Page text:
Nationally organized Negro defense of the nine Negroes involved in the Scottsboro case is being planned by New York leaders of the race.
Bill Robinson, Negro dancer, visited Samuel Leibowitz, counsel for the Scottsboro defendants yesterday and submitted a proposal that funds be raised with several benefit performances. Delegations representing various Negro organizations also called on the attorney.
"It now become apparent," Mr. Leibowitz said last night, "that irrespective of any small differences that may have arisen in the past between different organizations seeking to lead this fight, the race has reached the conclusion that this case marks a turning point in the life of the American Negro, who has been kept shackled by intolerance of the bigots. They are going through with the fight."
Mr. Leibowitz was announced as one of the principal speakers for a demonstration in Union square at 6 o'clock tonight by the International Labor Defense. Mrs. Janie Patterson, mother of the Negro reconvicted in Decatur this week, is due in New York this afternoon and will attend the meeting.
Others scheduled to speak are Joseph R. Brodsky, chief counsel for the International Labor Defense; John Haynes Holmes, Arthur Garfield hays and Roger Baldwin.
The International Labor Defense, through William L. Patterson, its national secretary, assailed the National Association for the Advancement of Colored People yesterday for its statement of Monday to the effect that the injection of communism into the trial affected the verdict in the Patterson case.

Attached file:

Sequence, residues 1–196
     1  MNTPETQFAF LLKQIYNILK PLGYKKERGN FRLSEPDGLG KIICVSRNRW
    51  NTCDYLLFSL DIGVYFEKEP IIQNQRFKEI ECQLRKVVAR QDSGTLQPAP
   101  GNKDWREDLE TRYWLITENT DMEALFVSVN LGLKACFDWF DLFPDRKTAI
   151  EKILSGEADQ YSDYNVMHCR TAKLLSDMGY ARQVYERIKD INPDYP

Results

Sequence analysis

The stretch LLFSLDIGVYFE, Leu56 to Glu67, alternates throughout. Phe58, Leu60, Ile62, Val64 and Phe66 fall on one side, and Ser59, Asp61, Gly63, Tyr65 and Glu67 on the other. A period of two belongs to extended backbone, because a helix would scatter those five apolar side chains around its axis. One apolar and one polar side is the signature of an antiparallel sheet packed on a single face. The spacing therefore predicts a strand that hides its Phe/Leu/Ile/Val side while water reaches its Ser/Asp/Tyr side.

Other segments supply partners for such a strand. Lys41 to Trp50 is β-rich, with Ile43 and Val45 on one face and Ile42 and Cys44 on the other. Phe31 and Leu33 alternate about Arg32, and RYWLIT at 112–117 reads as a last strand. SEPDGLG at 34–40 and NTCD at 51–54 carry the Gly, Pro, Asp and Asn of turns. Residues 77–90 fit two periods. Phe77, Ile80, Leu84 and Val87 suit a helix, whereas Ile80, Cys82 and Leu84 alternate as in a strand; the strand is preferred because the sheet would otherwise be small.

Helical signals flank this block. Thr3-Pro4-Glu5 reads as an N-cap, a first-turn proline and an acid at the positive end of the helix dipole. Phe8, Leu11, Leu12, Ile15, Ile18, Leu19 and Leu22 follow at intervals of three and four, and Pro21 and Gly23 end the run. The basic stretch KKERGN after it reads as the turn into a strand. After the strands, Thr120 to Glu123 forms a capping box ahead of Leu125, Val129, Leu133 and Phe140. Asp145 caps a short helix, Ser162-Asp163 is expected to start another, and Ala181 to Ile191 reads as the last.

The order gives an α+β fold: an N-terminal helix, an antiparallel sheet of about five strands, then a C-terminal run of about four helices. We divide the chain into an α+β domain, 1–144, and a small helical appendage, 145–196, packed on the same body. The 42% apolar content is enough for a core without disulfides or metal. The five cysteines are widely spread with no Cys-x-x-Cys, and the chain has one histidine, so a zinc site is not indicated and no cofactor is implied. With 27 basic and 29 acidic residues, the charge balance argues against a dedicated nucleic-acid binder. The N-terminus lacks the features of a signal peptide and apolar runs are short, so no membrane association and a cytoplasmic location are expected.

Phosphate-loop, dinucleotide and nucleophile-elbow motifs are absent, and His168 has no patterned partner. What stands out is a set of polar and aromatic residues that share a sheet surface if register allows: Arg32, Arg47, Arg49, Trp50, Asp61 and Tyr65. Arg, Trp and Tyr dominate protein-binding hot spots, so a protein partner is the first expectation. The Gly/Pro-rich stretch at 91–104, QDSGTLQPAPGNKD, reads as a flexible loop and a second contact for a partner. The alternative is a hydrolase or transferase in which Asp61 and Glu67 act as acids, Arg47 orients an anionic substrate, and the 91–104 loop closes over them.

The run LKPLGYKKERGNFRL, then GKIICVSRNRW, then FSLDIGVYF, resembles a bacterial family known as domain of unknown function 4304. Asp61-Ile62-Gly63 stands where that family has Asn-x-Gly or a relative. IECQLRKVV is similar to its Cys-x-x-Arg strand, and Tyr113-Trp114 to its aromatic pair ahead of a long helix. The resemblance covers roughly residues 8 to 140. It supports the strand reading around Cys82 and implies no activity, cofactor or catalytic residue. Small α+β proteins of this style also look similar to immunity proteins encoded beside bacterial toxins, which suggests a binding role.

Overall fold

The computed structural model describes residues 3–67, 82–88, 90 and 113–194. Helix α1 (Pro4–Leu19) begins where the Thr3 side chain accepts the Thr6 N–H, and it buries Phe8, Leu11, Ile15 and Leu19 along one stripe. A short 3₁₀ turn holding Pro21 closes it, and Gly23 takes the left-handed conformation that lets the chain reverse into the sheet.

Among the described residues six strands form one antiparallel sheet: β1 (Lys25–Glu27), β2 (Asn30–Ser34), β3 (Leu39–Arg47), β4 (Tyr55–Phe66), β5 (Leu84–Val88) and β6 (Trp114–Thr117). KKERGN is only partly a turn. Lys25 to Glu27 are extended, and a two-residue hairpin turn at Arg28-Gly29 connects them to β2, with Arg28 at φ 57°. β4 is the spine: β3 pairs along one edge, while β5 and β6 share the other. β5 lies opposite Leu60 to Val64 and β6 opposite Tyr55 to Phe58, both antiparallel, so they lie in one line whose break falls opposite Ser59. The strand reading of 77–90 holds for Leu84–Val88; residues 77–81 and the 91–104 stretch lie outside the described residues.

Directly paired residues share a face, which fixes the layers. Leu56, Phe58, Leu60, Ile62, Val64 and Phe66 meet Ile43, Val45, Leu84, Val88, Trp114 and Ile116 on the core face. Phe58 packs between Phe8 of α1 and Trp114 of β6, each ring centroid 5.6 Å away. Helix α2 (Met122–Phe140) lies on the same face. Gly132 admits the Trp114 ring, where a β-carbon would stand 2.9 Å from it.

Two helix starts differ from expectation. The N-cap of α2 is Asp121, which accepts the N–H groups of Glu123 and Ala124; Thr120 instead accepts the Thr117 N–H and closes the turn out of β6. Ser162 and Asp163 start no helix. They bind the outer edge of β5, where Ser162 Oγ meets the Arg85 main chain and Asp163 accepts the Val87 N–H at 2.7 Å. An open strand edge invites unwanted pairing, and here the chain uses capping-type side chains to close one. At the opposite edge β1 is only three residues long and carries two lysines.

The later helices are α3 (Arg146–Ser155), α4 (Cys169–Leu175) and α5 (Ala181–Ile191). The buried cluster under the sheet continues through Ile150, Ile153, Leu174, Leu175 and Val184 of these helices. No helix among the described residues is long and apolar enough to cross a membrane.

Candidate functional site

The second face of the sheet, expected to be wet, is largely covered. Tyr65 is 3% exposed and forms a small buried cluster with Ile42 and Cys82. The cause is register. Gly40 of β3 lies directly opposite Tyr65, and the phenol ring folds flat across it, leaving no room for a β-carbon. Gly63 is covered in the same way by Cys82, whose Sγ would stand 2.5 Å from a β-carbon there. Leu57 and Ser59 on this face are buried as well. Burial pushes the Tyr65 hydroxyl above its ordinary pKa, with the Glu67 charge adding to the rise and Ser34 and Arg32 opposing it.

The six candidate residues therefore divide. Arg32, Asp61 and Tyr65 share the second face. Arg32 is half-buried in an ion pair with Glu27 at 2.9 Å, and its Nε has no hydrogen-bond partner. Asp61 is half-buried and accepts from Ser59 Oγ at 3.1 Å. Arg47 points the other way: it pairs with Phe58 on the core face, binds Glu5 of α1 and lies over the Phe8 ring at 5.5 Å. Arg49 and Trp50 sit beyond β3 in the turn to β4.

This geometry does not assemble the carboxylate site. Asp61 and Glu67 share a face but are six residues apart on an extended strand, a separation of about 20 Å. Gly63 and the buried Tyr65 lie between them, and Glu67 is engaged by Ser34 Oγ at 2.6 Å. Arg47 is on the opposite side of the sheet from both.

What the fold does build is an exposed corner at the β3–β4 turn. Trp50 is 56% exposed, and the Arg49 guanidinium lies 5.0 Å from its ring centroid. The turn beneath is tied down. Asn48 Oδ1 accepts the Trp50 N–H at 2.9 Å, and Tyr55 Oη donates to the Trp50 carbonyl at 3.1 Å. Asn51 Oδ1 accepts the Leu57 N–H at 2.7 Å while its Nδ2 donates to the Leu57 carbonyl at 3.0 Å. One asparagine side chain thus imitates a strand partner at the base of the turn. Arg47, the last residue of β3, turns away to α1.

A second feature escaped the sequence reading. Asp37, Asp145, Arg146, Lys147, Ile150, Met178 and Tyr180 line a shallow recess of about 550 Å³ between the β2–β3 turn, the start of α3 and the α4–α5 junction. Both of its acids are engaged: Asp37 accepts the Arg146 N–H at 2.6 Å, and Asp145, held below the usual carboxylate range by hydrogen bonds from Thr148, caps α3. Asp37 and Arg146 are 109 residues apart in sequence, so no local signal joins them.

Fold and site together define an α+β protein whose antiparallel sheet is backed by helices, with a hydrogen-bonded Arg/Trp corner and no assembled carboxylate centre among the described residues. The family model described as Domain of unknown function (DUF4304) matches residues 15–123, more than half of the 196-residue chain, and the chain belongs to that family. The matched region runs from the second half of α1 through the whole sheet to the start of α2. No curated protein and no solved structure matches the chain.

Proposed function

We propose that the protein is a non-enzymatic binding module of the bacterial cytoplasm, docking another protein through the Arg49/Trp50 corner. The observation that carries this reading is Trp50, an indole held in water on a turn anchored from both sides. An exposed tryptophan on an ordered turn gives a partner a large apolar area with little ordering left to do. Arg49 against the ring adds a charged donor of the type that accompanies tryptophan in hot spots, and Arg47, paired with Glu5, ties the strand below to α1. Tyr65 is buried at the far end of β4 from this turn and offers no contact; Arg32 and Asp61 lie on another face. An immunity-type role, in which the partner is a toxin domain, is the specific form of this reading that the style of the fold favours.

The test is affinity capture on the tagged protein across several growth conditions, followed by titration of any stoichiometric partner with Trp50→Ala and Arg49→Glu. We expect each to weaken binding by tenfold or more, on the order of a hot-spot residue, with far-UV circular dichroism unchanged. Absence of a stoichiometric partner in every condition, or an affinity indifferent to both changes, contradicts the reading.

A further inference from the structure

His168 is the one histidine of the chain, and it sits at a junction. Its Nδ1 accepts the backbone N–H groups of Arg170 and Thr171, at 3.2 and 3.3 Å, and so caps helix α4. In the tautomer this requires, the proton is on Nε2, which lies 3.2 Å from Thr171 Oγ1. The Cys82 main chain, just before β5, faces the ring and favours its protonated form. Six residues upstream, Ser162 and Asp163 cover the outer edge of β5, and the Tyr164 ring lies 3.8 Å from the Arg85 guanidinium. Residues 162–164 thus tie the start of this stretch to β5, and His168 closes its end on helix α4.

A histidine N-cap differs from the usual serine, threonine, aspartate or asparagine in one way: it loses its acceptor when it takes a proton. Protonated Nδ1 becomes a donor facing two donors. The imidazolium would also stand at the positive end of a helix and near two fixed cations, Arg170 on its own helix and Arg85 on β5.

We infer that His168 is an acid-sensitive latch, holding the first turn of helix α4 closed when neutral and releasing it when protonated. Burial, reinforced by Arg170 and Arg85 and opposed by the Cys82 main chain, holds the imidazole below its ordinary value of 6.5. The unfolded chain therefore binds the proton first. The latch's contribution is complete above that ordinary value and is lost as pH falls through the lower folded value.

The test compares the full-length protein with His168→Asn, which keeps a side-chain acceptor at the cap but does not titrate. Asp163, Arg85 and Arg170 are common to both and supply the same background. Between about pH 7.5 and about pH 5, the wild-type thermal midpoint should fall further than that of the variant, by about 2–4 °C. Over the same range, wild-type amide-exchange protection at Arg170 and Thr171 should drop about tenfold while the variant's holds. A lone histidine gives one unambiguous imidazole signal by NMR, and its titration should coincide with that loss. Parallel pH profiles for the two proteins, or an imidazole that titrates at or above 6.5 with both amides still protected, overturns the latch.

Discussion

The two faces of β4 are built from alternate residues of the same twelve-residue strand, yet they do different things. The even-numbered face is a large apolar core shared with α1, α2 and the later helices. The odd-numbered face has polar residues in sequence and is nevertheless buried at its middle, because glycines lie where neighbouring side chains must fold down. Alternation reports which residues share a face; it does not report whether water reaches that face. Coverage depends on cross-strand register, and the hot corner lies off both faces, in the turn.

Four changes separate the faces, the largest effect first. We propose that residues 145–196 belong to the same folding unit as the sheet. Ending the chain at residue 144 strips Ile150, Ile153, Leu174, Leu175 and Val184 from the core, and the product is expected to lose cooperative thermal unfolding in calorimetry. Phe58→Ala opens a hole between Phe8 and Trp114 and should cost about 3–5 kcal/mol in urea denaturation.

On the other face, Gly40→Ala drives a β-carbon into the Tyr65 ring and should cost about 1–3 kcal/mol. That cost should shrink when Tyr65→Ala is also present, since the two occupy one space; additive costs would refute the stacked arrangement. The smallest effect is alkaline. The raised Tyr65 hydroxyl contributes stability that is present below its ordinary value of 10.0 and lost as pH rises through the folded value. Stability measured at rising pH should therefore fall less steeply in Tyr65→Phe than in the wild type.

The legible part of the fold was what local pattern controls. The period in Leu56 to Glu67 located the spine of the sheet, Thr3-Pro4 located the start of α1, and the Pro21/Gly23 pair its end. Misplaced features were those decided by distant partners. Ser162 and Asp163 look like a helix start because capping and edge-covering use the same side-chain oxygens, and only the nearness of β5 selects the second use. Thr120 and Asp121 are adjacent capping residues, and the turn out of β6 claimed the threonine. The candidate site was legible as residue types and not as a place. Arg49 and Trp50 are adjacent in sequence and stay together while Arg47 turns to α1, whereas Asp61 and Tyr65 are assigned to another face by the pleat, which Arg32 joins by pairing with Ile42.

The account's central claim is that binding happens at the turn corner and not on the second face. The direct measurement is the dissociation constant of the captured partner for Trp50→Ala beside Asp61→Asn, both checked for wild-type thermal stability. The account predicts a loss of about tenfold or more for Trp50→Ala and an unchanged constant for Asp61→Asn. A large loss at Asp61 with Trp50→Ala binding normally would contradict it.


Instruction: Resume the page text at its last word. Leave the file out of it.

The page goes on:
"The directors of the N.A.A.C.P. have seen fit to gloat over the death verdict against Heywood Patterson," said the defense secretary. "They take the occasion of this verdict to bring forward a ridiculous claim that had they been in the case the verdict would have been different.
"They say that 'racial prejudice closed the eyes of the jurors' and at the same time that the injection of communism into the case brought about the death verdict."
"Aside from the completely gratuitous confusion of the International Labor Defense, a non-partisan organization, with the Communist party, which is brought for ward merely to hide the existence of a workers' organization of defense, this statement is in itself a contradiction.
"This statement that the N.A.A.C.P. went to the aid of the Scottsboro boys at the trial is another. The records prove this conclusively."
Harlem Negroes, led by several ministers of their race and by W. H. Davis, owner of The New Amsterdam, a Negro publication, plan to hold a number of mass meetings in Negro churches and at various outdoor points in Manhattan as well as in the other boroughs, Davis announced last night.
A.J. Muste, chairman of the conference for Progressive labor Action, sent a letter yesterday to President Roosevelt asking that he use his influence to obtain a new trial for Patterson.
The conference, in a letter to The Amsterdam News, suggested yesterday
that 50,000 Negroes be enlisted to march to Washington to protest against
the Patterson verdict and that 50,000 white workers be asked to join the